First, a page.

The renovation plans for the circa-1949 Alameda Theater, which has been closed since the 1980s, received final approval Wednesday from the Historic and Design Review Commission.
Construction work is scheduled to begin in the first quarter of 2020, and end in May 2021.
The theater, which is located on West Houston Street, next to San Pedro Creek, is being converted from a movie theater back into a performing arts space. During the Alameda’s early years as one of the nation’s premier Mexican-American performing arts venues, legends such as Pedro Infante, Cantinflas, and Rosita Fernandez graced the stage.
Much of the project is upgrading what’s already there. Repairs to the neon marquee. Rehabbing existing lounges and restrooms. Restoring and returning the aluminum twin dancer statue to the main lobby.
“If something is broken, we will fix it. But if it’s good, if it’s solid, and there’s no safety problems … we’re going to leave it there as a testament to the history of building,” Gary Martinez, a partner at D.C.-based OTJ Architects, which is leading the project, told the Heron in April.
Some parts of the theater will look different. The number of seats will be reduced to about 1,000; the theater opened with 2,400. Much of the upper balcony will be converted into a standing lounge area. And the stage will protrude into the crowd.
The painstaking process of reopening the Alameda Theater, which is estimated to cost around $20 million, is being lead by a nonprofit called the Alameda Theater Conservancy, which leases the theater from the city. The city and Bexar County are contributing a combined $10 million. Texas Public Radio (TPR), whose headquarters is being built in the Alameda’s conjoined annex building, is contributing another $5 million.
The remainder will come from federal and state historic tax credits, as well as new market tax credits, said Trey Jacobson, the city’s redevelopment officer.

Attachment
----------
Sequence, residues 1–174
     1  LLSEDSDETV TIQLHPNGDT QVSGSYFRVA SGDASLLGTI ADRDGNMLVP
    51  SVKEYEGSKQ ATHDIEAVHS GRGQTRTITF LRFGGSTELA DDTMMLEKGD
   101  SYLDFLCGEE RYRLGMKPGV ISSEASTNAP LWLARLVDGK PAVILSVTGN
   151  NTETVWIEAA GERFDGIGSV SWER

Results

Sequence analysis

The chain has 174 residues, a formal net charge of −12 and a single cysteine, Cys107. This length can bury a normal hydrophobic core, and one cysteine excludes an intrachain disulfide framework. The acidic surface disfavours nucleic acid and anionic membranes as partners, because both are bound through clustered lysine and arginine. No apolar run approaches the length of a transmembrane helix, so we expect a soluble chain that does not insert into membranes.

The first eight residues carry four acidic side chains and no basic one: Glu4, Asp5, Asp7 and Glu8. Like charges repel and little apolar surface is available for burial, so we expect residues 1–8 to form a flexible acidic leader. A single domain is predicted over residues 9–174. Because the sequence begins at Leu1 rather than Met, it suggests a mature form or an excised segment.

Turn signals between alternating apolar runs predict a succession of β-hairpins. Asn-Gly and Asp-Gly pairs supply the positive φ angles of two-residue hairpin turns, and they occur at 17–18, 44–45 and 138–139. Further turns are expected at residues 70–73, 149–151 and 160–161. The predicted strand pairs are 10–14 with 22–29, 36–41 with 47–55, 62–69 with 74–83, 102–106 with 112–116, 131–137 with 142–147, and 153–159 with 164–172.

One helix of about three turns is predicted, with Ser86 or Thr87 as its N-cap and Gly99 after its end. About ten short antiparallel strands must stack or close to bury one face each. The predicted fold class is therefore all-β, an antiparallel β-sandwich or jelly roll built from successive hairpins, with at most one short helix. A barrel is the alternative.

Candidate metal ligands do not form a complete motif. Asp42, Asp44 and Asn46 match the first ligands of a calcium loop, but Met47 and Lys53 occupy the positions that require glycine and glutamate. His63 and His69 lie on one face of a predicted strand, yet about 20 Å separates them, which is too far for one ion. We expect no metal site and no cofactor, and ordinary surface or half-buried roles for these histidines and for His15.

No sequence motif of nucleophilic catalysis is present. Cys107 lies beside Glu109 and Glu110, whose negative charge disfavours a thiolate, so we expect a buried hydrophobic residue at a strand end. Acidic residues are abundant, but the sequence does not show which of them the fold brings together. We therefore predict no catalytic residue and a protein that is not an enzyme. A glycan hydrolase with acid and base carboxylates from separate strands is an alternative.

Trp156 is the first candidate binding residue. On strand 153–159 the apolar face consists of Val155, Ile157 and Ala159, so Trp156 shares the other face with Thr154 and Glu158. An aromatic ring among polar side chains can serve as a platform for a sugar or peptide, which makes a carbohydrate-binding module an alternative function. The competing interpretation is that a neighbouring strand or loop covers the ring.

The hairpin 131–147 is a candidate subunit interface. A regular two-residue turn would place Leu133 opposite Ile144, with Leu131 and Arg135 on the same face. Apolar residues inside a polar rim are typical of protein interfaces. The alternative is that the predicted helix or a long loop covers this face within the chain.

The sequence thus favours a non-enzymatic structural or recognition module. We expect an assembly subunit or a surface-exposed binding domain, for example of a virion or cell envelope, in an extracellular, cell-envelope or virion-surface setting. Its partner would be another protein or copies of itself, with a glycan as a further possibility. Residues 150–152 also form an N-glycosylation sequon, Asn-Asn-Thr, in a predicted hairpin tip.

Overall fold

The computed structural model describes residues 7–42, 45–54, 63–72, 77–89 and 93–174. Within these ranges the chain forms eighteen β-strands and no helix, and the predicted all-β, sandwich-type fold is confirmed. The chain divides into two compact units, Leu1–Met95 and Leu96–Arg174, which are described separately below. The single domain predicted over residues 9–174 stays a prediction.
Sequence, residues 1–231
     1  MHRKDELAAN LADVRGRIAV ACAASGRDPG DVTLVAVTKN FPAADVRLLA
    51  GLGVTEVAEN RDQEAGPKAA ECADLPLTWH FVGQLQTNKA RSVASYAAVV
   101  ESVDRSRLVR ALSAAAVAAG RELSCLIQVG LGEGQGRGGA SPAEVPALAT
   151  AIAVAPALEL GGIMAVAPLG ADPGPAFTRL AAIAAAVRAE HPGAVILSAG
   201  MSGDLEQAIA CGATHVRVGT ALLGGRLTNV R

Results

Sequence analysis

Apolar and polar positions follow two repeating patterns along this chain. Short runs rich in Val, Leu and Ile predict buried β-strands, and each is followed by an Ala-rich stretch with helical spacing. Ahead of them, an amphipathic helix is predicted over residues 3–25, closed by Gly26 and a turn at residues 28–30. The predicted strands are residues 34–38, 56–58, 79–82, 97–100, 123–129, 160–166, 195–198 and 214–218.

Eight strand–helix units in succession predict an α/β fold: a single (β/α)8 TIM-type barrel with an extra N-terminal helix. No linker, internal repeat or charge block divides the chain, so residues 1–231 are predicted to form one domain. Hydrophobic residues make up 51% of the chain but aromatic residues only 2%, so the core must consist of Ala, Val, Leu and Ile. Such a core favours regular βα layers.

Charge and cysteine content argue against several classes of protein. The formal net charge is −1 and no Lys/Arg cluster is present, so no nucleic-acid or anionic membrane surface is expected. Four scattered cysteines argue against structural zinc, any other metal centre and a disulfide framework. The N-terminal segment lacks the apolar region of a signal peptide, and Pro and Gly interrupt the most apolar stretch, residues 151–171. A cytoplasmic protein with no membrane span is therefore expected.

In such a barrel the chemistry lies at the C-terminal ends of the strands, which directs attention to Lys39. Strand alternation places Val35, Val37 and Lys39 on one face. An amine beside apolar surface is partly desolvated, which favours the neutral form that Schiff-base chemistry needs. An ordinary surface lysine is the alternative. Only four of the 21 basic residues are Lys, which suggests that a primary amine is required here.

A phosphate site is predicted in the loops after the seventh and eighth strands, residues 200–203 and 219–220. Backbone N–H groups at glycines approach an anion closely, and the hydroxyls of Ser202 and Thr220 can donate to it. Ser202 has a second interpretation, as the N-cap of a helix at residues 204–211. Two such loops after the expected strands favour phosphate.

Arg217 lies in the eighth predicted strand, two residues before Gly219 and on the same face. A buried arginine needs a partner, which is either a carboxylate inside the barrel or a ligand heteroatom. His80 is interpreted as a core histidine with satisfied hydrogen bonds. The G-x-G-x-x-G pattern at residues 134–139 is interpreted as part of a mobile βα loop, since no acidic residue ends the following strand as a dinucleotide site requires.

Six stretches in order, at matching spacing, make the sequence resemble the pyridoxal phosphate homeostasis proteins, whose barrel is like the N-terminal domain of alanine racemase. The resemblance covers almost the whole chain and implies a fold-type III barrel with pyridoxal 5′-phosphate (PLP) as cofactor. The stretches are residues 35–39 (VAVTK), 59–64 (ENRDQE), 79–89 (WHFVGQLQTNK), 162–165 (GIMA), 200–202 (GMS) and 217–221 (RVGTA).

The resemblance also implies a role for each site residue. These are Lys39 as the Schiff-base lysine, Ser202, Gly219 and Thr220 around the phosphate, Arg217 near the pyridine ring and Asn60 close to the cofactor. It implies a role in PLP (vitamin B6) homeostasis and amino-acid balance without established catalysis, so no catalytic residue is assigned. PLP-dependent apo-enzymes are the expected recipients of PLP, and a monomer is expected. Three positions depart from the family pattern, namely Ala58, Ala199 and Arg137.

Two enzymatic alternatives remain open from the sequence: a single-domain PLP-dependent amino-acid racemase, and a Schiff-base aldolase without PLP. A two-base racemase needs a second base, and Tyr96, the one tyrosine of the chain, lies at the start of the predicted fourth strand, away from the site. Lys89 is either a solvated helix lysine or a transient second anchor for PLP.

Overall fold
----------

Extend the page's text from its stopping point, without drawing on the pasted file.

While people are excited about the Alameda’s comeback, some have expressed concern about the plan. At a public meeting in April, some artists and activists criticized the theater’s smaller size in terms of seating, concluding that a reduction of seats would mean higher ticket prices. Others worried the theater might be inaccessible to smaller arts groups wanting to use the space.
At the time, Lori Houston, assistant city manager and conservancy board member, said the seat total was established in a “venue capacity study,” which was written by Michael Kaiser, former interim director of the San Antonio Symphony, who also has served as interim director of the conservancy earlier this year.
“Where we feel there is a need is for that medium-sized theater between 1,000 and 1,500 seats,” Houston said. “This facility has always been planned to be 1,000 and 1,500 seats, so we can accommodate the way that the millenials and others like to use facilities.”
Addressing ticket prices, Houston said a business model had not yet been crafted.
The Alameda is one of several projects happening simultaneously in the west downtown area.
Construction of TPR’s headquarters, which will include a blackbox theater, continues on the backend of the Alameda complex. Along the Alameda, workers continue to shape the next segment of the San Pedro Creek Culture Park, a $75 million endeavor that will include an outdoor theater across the creek from the Alameda. It’s scheduled for completion in early 2021.
These projects touch the Alameda. Other projects sure to reshape west downtown are the expansion of the University of Texas at San Antonio, Weston Urban’s continued development in the area, and the reconstruction of West Commerce Street.
Designed by Texas architect N. Straus Nayfach, the Alameda Theater was built in what used to be known as San Antonio’s West Side, before Urban Renewal erased most of the neighborhood around it.
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